[Download] 144 New Call-to-Action Buttons That Shout “Click Me”


“How do they make their website buttons look like that?”

It’s one of the most common questions we get when we show off the work of our talented LeadPages® members. A great call-to-action button commands attention, and naturally, when marketers and entrepreneurs spot one, they’re especially intrigued. What’s the secret?

In most cases, the secret is simple: you create great-looking buttons by designing a great-looking image and hyperlinking it.

Now, we realize that may not be a very satisfying answer if you’re not a designer. So we’ve done that step for you. Today we’re giving you a free pack of 144 call-to-action buttons you can download and use anywhere on your blog or website. Click below to get them now (and see one of these buttons in action):

button for blog

When you download, you’ll find 6 different proven-effective call-to-action messages, each presented in 6 different colors on a variety of different button shapes.

For each message, you’ll also find an Adobe Illustrator file. If you have access to Adobe Illustrator or other compatible vector-graphics software, you can download these .ai files and make any changes you like to the button text, colors, or design. (If you do this, you can also download the font we used, League Spartan, for free from Font Squirrel.)

I asked the designer who created these, Taylor Wegner, what his goal was in creating this new button pack, and his answer doesn’t require you to speak designer. Taylor simply set out to make “a set of cohesive buttons that will look good almost anywhere.”

While fitting in with the majority of modern blogs and websites, these buttons also follow some important best practices for call-to-action button design. Based on what we’ve seen at LeadPages and around the web, a call-to-action button that gets people to click will:

  • Look like a button: These buttons are attractive, but they aren’t too ornate. That’s for a very good reason. You want your site visitors to look at your call-to-action button and immediately understand what they’re supposed to do.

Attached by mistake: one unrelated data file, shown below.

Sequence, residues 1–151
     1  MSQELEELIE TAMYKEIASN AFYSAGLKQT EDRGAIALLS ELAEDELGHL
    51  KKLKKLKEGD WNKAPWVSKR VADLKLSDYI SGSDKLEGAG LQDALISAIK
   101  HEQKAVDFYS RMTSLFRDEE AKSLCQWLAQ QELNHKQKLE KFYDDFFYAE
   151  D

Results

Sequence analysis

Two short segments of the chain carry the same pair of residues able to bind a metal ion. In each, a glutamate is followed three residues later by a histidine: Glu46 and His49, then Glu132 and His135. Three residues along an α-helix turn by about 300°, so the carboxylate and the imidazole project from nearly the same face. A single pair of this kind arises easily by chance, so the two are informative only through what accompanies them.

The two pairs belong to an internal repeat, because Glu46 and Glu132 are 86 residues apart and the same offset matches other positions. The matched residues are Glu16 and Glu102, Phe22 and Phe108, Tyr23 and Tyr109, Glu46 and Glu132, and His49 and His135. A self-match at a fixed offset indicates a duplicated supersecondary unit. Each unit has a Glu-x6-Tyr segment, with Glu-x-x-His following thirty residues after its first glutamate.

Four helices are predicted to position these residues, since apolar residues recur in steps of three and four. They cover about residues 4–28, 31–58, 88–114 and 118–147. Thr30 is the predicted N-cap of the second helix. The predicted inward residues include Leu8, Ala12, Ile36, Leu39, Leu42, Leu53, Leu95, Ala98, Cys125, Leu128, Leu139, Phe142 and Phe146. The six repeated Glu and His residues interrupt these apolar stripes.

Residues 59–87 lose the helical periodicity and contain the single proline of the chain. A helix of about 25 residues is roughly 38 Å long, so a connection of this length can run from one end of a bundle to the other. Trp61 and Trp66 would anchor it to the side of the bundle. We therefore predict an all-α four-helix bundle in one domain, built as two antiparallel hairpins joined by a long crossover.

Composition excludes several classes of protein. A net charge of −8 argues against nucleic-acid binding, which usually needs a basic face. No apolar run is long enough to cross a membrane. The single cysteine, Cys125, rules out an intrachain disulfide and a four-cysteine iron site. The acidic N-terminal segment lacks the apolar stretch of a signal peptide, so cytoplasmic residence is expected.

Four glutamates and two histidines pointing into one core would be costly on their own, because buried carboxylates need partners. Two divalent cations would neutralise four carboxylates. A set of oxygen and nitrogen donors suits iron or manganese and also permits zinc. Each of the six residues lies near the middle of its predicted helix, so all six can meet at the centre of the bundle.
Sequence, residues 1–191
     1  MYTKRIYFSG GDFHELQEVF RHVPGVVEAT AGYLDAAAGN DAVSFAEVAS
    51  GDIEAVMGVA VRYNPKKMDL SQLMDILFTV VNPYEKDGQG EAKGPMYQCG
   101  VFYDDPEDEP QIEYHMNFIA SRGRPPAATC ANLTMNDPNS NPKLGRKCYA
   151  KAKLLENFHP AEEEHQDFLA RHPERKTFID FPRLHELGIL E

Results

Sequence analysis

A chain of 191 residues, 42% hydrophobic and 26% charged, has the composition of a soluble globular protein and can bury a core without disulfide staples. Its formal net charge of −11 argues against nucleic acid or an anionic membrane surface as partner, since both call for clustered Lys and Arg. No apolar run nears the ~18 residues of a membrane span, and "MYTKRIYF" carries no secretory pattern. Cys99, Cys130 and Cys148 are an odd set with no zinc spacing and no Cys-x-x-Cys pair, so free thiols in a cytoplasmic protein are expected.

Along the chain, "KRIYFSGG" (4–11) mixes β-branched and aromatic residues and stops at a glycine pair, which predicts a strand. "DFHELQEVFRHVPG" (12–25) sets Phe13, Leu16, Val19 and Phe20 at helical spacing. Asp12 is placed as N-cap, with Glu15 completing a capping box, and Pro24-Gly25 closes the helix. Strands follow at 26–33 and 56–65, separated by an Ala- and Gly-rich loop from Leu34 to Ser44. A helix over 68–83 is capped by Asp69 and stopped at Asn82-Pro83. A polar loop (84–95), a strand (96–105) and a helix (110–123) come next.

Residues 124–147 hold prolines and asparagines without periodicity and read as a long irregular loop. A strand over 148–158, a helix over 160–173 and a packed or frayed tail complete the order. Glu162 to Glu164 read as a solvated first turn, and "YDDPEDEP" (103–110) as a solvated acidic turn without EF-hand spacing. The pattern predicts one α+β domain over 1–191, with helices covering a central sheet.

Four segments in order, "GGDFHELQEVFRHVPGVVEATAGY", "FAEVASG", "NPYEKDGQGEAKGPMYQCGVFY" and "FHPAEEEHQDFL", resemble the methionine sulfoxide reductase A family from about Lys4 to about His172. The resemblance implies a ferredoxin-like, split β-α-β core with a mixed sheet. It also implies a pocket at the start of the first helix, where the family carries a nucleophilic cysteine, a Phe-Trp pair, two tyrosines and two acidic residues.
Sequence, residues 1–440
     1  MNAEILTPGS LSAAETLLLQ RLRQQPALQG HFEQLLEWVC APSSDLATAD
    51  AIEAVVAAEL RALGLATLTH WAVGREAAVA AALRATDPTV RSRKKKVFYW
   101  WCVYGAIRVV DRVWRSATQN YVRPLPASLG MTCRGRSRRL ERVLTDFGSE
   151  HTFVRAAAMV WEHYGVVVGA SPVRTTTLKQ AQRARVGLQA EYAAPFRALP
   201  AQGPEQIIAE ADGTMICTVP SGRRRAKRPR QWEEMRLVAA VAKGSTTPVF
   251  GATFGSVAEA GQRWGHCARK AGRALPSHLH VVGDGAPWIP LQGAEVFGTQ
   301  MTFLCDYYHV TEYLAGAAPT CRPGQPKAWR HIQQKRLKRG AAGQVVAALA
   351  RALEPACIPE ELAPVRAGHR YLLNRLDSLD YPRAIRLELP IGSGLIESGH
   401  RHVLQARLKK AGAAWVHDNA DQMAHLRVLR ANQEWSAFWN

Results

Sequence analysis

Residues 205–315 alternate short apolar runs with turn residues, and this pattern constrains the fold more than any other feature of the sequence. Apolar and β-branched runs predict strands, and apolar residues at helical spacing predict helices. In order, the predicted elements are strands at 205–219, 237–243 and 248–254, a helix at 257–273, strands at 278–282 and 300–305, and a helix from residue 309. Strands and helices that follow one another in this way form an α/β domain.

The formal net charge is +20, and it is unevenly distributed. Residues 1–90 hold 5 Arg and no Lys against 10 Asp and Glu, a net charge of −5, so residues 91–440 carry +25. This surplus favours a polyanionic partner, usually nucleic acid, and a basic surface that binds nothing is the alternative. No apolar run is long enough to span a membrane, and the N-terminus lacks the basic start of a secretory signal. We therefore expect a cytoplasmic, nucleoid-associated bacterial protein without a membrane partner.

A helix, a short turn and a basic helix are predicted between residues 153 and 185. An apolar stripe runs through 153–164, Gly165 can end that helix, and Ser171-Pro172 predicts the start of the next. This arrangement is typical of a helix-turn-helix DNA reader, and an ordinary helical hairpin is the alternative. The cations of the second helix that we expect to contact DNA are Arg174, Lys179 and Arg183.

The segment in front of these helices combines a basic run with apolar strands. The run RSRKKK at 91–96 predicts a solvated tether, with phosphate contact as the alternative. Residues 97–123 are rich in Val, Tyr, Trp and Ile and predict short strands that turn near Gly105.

And that means drawing on existing web-design conventions. It may not be thrilling, but “oblong object with prominent text” is likely to be the most effective model for a button.

  • Contrast with its surroundings: We’ve examined scores of split tests that aim to discover the best color for a call-to-action button. What we’ve discovered is that there isn’t a best color for everyone—there’s only a best color for your site.

    The highest conversion rates tend to come from maximizing contrast while staying on brand. So if you have a black background, you may want to try a yellow background; if your blog uses a lot of red, try turquoise. The colors in this pack are vivid but not glaring, so they can harmonize with a variety of color schemes.

  • Appear interactive: Flat design may be all the rage (as opposed to design that mimics the 3-dimensional, tangible world). But studies continue to show that people prefer to click buttons that look like more than a collection of pixels.

    To take advantage of this while still appearing modern, the buttons in this pack have a subtle gradient and darker border that make them pop up from the screen. (If you are a flat-design purist, consider making your buttons entice mice in other ways, such as setting up a color change upon rollover or adding subtle animation.)

  • Build momentum: Somewhat surprisingly, you can often improve your opt-in or click-through rate simply by suggesting forward motion. A forward-facing arrow or other graphic element at the end of your button copy seems to motivate people to keep moving through your process. Several of the designs in this button pack use elements like these.
  • Get personal: It’s often effective to write button copy in the voice of your visitors. That’s why we’ve included messages such as “Claim My Spot” and “Yes, I Want My Free Report,” written from the perspective of the people the buttons are meant to engage. This copywriting technique subtly suggests that you’ve already set aside something just for each visitor, and now they only need to claim what’s rightfully theirs.
  • Use the f-word: Of course, I mean “free.” Time and time again, we’ve seen conversion rates rise when marketers simply add “free” to their buttons and other copy.

    We’ve included two messages that include this magic word (“Yes, I Want My Free Report” and “Yes, Give Me My Free Report”), but we’ve also baked it into a design available for other messages. This design conserves space by adding a “Free” banner to the corner of the button. (You may notice it’s the one we’ve used in this post.)

These buttons are a natural fit to use with LeadBoxes®, our two-step opt-in forms. Click below to see how they work together (and download the buttons if you like):

button for blog

This makes for an easy way to put LeadBoxes® absolutely anywhere on your blog or website, including pages you didn’t create with LeadPages®. You can also link them to your pricing or product pages, your webinar pages, or any system you’ve set up to let visitors download free resources.

We hope these new buttons help you collect more leads and make more sales from more places online.

Got any questions about how to use these buttons or what makes for an effective call-to-action button in general? Ask us in the comments!